The final plank of the programme will be the creation of a comprehensive law book in order to create a “thriving legislated state”.

“As always with politics, we must turn the page … Growth and activity cannot be sustained upon good, or bad, feeligns but only on a vision to improve what is there already,” Lewis said in reflecting on the programme.

Hamland announces new government plan

Hamland seeks second currency

NEW KIRRIE – Following a prolonged lack of trade due to its unique SCX-based economic model, Hamland is again considering a return to a traditional model based on its own independent currency.

The “Real Currency Act,” proposed by Lewis, is a continuation of a campaign he began early last year to create a mechanism for what he described as “real trading” by adopting a second currency as a complementary alternative to Pallisico Sinclair’s SCX-based economic model. That economic model, which uses SCX market indices to generate production statistics, resulting in significant internal economic simulation, had served in practice to actually discourage the buying and selling of goods, as the simulation made the local economy virtually independent of the actions of the citizenry.

Lewis’ past campaign, which he labeled “A Return to a Real Economy”, proved a thorny issue, with his efforts to seek implementation of a dual currency criticized by Sinclair, who sought to protect the unique model that he had created. The resulting fray led Lewis, at one point, to take a leave of absence from Hamland.

With the introduction of the Real Currency Act, the opposite has occurred, as Sinclair has announced his resignation from the Hammish Government. The announcement followed Sinclair’s retraction of his original point-by-point rebuttal comments to the Act, which he replaced with a lament. “If you decide that you’d rather adopt a different economic system, I won’t stop you. I’m done trying to defend and explain the work I’ve done in this field. It clearly is neither understood nor appreciated,” charged Sinclair.

The Act itself would create the “Zenar”, as a means of reintroducing “real coinage” to Hamland, in order to reinvigorate trade. The Zenar would carry equal recognition as an official currency of Hamland, alongside the SCX-based Obol, and be of par value with it. The currency will be local, using a forum-based system, and it will be independent from SCUE to avoid confusion with the SCX-based Obol, given that the SCX is operated as a function of SCUE.

The Zenar will also be regulated in a similar fashion to that used by Gotzborg, in which the amount of currency in circulation at any given time is controlled, as opposed to SCUE’s automatic creation of new currency to reflect exchange rates. “Having our own currency allows [Hamland] to meet our needs in the short term, in terms of printing, distributing and taxing,” Lewis commented to the Coprieta Standard. He further noted that under Sinclair’s model, in which currency is held within companies listed on the SCX, meant that the amount of personally-held Obols by any given individual in Hamland was unclear.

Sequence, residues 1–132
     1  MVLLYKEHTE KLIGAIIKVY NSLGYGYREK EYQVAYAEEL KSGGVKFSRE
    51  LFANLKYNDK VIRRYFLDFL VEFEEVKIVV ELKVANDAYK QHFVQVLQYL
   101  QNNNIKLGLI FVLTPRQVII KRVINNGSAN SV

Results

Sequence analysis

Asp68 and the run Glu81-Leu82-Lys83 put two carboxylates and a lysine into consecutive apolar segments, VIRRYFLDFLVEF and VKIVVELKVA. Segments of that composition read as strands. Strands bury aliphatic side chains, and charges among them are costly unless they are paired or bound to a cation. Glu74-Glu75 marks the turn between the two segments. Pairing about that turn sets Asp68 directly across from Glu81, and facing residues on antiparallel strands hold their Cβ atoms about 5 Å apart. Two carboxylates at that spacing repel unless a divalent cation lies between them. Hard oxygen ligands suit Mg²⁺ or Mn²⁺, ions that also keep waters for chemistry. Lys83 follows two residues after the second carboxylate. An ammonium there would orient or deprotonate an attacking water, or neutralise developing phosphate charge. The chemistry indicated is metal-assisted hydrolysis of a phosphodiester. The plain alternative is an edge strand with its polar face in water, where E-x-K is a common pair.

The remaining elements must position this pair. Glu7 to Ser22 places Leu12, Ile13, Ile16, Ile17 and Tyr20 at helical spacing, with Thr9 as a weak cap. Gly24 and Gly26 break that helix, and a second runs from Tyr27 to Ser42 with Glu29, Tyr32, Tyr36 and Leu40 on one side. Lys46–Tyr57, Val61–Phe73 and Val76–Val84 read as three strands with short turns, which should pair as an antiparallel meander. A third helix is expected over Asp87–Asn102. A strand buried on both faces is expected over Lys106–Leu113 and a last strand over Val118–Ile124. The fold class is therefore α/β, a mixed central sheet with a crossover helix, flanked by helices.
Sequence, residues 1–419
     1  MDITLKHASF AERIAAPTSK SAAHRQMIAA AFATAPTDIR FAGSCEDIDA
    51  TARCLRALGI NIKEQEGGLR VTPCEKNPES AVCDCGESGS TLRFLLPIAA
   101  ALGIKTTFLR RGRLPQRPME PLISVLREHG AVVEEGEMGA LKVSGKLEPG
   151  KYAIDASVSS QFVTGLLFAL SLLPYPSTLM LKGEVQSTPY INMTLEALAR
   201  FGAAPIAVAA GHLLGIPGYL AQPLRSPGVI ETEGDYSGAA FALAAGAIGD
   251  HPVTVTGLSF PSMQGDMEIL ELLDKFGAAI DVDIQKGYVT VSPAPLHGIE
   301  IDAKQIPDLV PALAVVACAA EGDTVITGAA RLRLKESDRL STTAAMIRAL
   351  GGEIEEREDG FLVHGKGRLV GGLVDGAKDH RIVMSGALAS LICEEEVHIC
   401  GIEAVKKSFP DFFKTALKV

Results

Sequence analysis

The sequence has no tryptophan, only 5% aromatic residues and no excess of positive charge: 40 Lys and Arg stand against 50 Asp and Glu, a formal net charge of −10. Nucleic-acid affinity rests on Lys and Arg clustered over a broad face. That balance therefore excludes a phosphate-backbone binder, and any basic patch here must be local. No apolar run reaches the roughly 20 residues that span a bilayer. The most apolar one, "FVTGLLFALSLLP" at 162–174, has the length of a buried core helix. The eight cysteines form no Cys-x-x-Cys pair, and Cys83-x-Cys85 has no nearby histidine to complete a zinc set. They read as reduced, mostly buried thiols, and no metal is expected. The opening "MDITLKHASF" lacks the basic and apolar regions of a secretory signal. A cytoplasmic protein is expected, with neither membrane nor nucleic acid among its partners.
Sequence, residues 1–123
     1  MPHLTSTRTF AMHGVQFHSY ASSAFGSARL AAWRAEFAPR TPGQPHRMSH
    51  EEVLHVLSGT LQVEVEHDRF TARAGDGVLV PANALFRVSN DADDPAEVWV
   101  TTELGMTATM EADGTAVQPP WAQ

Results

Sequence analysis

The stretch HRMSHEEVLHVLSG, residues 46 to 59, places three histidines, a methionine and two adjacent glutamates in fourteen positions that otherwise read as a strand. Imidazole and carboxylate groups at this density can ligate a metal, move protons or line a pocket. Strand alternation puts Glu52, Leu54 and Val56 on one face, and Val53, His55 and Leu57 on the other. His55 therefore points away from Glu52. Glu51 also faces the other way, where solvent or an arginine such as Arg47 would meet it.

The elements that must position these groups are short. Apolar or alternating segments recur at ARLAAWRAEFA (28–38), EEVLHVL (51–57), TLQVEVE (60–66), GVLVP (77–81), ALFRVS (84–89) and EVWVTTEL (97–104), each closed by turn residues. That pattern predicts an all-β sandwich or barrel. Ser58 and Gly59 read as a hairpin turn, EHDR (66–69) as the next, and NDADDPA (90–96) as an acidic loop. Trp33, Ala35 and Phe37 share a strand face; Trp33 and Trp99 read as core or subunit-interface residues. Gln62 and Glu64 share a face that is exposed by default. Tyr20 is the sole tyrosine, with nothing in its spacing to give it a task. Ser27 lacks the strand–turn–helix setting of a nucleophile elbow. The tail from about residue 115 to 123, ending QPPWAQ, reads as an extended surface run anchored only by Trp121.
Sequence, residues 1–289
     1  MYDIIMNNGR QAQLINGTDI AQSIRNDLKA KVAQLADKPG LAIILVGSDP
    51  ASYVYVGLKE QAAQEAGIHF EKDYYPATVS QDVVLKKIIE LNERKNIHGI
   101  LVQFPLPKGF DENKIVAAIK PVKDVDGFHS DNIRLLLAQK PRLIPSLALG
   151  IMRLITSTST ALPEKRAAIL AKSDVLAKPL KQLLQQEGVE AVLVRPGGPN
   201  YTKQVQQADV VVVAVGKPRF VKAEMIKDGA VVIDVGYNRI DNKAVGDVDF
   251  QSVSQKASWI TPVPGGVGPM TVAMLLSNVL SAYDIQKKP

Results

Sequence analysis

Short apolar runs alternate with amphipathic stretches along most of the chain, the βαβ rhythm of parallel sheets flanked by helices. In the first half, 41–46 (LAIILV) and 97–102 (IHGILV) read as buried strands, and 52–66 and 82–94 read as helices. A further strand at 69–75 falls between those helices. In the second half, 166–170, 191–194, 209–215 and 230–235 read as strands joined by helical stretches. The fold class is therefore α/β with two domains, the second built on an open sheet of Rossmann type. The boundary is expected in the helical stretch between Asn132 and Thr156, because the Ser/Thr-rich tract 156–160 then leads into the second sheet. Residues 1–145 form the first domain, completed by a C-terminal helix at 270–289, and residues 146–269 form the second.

Lewis further argued that while Sinclair’s model has had success due to his hard work, the model was labour intensive. “We really need to get a basic system which is both fun and provides some utility,” Lewis said, emphasizing the need for a low-maintenance economic model.

In supporting the Zenar as an independent currency, Lewis expressed his wariness of fully re-engaging the SCUE Unit for Hamland’s local economic needs due to the duplicity caused by Sinclair’s economic model. “The accounts system was a great idea, but the stock market (SCX) has had the unintended consequence of spawning another alternate model of simulated economies,” he said.

Hamland seeks second currency

Push underway for reform in Hamland

NEW KIRRIE (CS) | With the year coming to an end, the Hammish Parliament is set to begin discussions on a variety of proposed reforms for the New Year.

The reforms, proposed by Lewis, would take effect within the next term of office for the government and focus on four major areas of the micronation: the economy; the discussion forum; the constitution; and, the Parliament.

The most significant reform would affect the economy, which is generally, at present, a non-interactive formula-based system that uniquely uses the Small Commonwealth Exchange stock unit as currency. Lewis calls for a “Return to the Real Economy” that would allow citizens to “trade how they like,” referring to his belief that citizens wish to use the SCUE Unit for currency as most other Micras micronations do, rather than the more obscure and less popular stock exchange units. The use of the stock exchange units is considered by some to be a limitation on intermicronational trade with Hamland.

Also proposed is the review of the current system of regional representation for the Parliament and an assessment of the constitution to ensure its “simplicity”. That simplistic approach is also being advocated for restructuring the discussion forum, to make it more user-friendly and navigable.

Further discussion on the proposals by Parliament has been tentatively scheduled for mid-January at the earliest.

Push underway for reform in Hamland

One-on-One with Lord Lewis of Hamland

NEW KIRRIE (CS) | The Coprieta Standard sat down with economist and founder of Hamland, Lord Lewis, for a question and answer session yesterday to pick his mind on the topic of micronational economics and the state of the Commonwealth. Continue reading “One-on-One with Lord Lewis of Hamland”

One-on-One with Lord Lewis of Hamland

FNORD recipients announced

HUB.MN (CS) | FNORD Award committee chairman Ric Lyon has announced the recipients of this year’s annual instalment of the prized Micras community awards. Continue reading “FNORD recipients announced”

FNORD recipients announced